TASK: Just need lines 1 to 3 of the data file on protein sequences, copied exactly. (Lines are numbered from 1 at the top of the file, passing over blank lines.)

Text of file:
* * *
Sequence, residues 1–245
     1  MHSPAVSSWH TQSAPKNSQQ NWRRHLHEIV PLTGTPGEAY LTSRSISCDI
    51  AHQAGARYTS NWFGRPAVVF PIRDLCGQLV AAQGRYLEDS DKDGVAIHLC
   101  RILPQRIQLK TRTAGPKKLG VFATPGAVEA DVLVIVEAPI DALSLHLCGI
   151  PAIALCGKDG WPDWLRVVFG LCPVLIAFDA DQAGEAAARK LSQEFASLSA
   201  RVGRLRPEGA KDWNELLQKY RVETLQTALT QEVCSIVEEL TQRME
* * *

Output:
Sequence, residues 1–245
     1  MHSPAVSSWH TQSAPKNSQQ NWRRHLHEIV PLTGTPGEAY LTSRSISCDI
    51  AHQAGARYTS NWFGRPAVVF PIRDLCGQLV AAQGRYLEDS DKDGVAIHLC